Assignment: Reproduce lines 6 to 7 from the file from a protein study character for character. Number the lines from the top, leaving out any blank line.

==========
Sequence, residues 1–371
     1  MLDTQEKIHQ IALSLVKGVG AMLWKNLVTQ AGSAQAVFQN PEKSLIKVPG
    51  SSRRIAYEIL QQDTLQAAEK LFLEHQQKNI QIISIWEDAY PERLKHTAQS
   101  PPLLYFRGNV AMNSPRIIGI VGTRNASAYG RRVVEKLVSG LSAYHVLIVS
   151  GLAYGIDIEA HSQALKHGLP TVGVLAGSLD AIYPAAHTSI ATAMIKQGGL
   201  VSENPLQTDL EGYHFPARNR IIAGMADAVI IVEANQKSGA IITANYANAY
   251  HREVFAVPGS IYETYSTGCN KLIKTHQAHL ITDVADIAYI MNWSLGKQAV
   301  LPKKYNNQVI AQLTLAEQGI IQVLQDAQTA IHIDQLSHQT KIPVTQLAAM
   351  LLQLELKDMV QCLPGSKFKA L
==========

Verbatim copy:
   201  VSENPLQTDL EGYHFPARNR IIAGMADAVI IVEANQKSGA IITANYANAY
   251  HREVFAVPGS IYETYSTGCN KLIKTHQAHL ITDVADIAYI MNWSLGKQAV